The G. & D. Silver Shoe Factory was a footwear manufacturing plant located in Tarrytown, New York.
In 1871 the company opened a factory on Washington Street, along side the Andre Brook, where they manufactured high quality footwear. When electric lights were installed in 1887, the factory was producing up to 200000 pairs of shoes per year.
The company employed around 200 workers in 1895 at an average wage of $0.27 per hour, roughly $7 per hour with today's inflation. The employees voted to unionize for increased wages, but in response, the factory was closed.
List of employees
- Odber Miles Hartt, plant superintendent (1887 – 1897)
- Edward Seymour, foreman (– 1886)
- William Kelly, trimmer
- Ann A. Ackerman (1880)
- Alice Ackerman (1880)
- William Adams (1880)
- Martin Igo (1880)
- John A. Newell (1880)
- Hugo M. Deyo, traveling salesman
- The New York Times; Titlte: Lost His Second Wife; Date: 3 Sep 1883.
- Congressional serial set; Year: 1895; Text: Reply of G. & D. Silver of Tarrytown, N. T., manufacturers of shoes. [Established in 1857. Capital invested, $200000.] The value of my production is $300,000 to $400,000 annually in men's and ladies shoes. I ran less than full time in 1892, and especially in 1893, owing to competition and dull trade. The facilities for the manufacture of shoes in this country put us beyond competition, and most of the elements of a shoe are produced here cheaper than abroad. There has been an increase in competition in my line during the past four years, altogether domestic. I desire no duty; if any, we prefer specific. My output now is very much less than in 1892, because of the depression caused by financial distrust. In 1893 I had increased competition and lower prices. Wages have been lower during the past twelve months. My workmen earn from $12 to $20 per week. Some at $12 save a little. Some at $20 spend all. At $15 per week a family of four could respectably and comfortably in our locality. From 1870 to 1885 the cost of living was constantly decreasing; from then the tendency rather upward. The causes of the present depression in trade were overproduction for domestic wants, distrust engendered by outflow of gold and buying of silver in the fall of 1892 and spring of 1893, delay in repealing the purchasing clause of the Sherman bill, and now the delay in passing the Wilson bill. Remedies: A foreign outlet, decrease of manufactured product, return of financial confidence, and settlement of the tariff. Every component part of a shoe is the manufactured product of the party from whom we buy it and is our raw material. My goods are necessities. Immigration has a good effect on my business, as it increases the field of consumption. All my labor requires some skill. Reduction of duty would not effect me. I employ 70 women and girls, 75 to 80 men, and 50 boys and youths. They work fifty-four hours per week. Foreign goods do not enter into competition. None of my goods are exported. The cost of manufacture has decreased 10 to 20 per cent since 1883. The decrease has been in both materials and labor-labor a full half, partly from improved machinery and other facilities. My selling prices have decreased since 1890. No customs duty is necessary with free raw material. Make all duties specific; give us free coal and iron, any way. The Wilson bill, with the income tax, is in the right direction.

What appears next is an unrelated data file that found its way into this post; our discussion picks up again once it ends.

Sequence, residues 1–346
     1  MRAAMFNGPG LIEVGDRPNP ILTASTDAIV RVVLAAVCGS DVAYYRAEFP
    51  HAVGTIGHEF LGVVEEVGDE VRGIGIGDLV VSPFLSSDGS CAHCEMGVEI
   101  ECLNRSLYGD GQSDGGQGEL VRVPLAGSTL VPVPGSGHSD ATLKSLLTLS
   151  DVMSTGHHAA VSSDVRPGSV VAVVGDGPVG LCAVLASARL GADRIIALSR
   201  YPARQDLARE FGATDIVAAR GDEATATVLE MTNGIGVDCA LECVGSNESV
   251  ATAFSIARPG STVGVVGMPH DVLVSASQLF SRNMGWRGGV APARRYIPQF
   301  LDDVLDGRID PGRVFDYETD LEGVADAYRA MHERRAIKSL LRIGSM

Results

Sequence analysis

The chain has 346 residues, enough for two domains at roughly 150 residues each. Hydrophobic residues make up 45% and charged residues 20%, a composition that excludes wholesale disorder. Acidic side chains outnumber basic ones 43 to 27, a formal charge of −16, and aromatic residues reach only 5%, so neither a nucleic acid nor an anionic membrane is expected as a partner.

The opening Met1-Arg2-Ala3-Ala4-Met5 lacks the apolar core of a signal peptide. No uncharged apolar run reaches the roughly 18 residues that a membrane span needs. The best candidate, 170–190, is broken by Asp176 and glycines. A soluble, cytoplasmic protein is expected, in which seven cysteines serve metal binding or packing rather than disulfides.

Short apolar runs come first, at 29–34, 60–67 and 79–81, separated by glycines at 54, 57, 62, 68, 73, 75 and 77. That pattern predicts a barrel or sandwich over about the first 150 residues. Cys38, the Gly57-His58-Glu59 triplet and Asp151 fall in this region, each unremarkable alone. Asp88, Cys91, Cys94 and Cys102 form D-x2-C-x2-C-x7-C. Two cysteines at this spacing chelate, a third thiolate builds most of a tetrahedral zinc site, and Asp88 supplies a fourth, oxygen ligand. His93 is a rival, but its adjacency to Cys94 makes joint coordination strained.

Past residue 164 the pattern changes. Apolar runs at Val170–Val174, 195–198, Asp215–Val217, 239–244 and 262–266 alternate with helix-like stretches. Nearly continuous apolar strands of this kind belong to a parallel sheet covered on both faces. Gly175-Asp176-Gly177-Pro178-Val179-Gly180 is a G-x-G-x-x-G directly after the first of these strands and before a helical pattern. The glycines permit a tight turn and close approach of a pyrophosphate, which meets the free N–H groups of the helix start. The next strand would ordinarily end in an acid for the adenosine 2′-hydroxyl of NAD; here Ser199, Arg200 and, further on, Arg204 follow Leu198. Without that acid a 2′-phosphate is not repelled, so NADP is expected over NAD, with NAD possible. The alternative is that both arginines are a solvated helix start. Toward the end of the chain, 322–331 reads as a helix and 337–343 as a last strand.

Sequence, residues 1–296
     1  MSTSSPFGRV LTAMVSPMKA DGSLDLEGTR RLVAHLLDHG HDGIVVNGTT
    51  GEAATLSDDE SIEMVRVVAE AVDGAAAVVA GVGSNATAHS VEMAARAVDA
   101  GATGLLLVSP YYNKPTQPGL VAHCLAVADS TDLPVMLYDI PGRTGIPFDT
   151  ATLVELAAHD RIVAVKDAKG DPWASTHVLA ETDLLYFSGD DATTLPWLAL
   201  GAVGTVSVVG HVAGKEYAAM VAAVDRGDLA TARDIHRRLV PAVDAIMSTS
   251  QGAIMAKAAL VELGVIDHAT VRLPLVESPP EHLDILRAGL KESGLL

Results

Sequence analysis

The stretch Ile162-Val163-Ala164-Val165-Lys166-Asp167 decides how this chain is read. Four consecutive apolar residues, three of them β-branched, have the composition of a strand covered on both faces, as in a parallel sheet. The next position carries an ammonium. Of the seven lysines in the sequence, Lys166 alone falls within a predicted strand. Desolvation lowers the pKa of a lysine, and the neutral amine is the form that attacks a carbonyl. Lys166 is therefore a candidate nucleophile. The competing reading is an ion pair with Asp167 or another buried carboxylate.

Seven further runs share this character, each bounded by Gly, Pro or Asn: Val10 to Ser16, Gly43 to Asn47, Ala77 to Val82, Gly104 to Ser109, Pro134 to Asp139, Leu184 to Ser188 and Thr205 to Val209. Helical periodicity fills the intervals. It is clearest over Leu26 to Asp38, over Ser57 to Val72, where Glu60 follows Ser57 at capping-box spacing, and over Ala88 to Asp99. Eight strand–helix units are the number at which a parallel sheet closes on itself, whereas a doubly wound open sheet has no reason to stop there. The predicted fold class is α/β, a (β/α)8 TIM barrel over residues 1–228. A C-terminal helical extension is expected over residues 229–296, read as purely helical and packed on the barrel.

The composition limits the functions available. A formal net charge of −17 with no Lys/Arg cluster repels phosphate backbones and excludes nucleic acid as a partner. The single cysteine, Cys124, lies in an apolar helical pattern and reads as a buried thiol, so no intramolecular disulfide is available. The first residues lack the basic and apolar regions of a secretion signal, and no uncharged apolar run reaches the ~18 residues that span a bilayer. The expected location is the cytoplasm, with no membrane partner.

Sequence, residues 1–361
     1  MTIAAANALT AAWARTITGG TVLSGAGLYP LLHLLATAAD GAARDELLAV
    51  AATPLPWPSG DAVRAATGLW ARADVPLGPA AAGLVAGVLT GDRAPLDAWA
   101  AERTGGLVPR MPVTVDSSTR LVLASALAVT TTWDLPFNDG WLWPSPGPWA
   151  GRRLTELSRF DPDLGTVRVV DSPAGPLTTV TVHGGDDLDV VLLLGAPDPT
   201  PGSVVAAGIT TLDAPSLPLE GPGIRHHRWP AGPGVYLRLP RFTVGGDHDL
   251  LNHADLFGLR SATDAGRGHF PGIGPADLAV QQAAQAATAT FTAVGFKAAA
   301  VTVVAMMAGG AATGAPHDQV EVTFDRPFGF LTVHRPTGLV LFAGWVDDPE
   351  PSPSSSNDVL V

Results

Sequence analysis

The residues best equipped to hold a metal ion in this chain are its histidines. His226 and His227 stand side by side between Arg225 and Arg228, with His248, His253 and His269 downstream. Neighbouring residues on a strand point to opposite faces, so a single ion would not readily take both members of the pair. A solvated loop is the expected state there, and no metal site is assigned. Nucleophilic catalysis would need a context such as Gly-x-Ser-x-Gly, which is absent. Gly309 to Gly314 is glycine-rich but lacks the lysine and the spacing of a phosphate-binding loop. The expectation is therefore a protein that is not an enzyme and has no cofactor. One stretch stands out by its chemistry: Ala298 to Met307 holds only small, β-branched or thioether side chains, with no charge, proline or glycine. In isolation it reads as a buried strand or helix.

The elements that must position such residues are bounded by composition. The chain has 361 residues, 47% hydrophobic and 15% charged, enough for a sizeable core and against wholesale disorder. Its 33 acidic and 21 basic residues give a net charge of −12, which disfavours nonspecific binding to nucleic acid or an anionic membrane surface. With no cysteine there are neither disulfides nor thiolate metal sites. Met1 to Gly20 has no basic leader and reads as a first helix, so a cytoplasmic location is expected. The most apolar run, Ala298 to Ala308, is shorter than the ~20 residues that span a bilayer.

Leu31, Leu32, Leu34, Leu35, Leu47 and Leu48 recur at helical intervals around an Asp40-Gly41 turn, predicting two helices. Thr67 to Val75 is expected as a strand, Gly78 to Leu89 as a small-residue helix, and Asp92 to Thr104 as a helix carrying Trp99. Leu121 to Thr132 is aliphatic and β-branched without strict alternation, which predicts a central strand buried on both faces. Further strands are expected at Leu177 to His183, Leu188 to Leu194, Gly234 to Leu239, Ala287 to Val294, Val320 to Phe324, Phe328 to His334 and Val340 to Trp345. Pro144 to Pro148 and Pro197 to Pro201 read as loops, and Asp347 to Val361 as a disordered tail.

- The New York Times Archive; Title: City And Suburban News; Date: 24 Jun 1885.
- The New York Times Archive; Title: Not Amenable to Rules - Knights Who Observe An Agreement When It Suits Them To Do So; Date: 24 Jun 1885.
- The New York Times Archive; Title: A Lock-out Impeding - Cause And Probable Effect Of The Gardiner & Estes Strike; Date: 1 Feb 1887.
- Historical Newspapers, Birth, Marriage, & Death Announcements, 1851-2003; Newspaper: New York Times (1857-Current file); Event: Obituary; Publication: 5 Sep 1899 - New York, New York.
- 1880 United States Federal Census Results
- Boot and Shoe Recorder, Volume 55; page 87; Year: 1909; Text: G. & D. Silver's factory was located at Tarrytown, N. Y. This boot and shoe factory was one of the oldest institutions in the trade, having been established in the pioneer days of the East. The firms principle office and warehouse was at 18 Warren street, New York. The Chicago office, 75 Madison street, room 58, was under the superintendency of M. T. Swarthout. This gentleman, who was a though and practical business man, was appreciated with the boot and shoe trade in Chicago for many years, and was intimately conversant in the city and Western trade.
- Their Season, of Idleness Ended; Newspaper: New York Times (1857-Current file); Publication: 18 SDec 1893 - New York, New York.
- Annual report of the factory inspectors of the State of New York; Year: 1888.
- Recollections of sixty years in the shoe trade; Year: 1916.
- Proceedings of annual meeting; Year: 1883.
- Boot and Shoe Recorder, Volume 26; Year: 1894.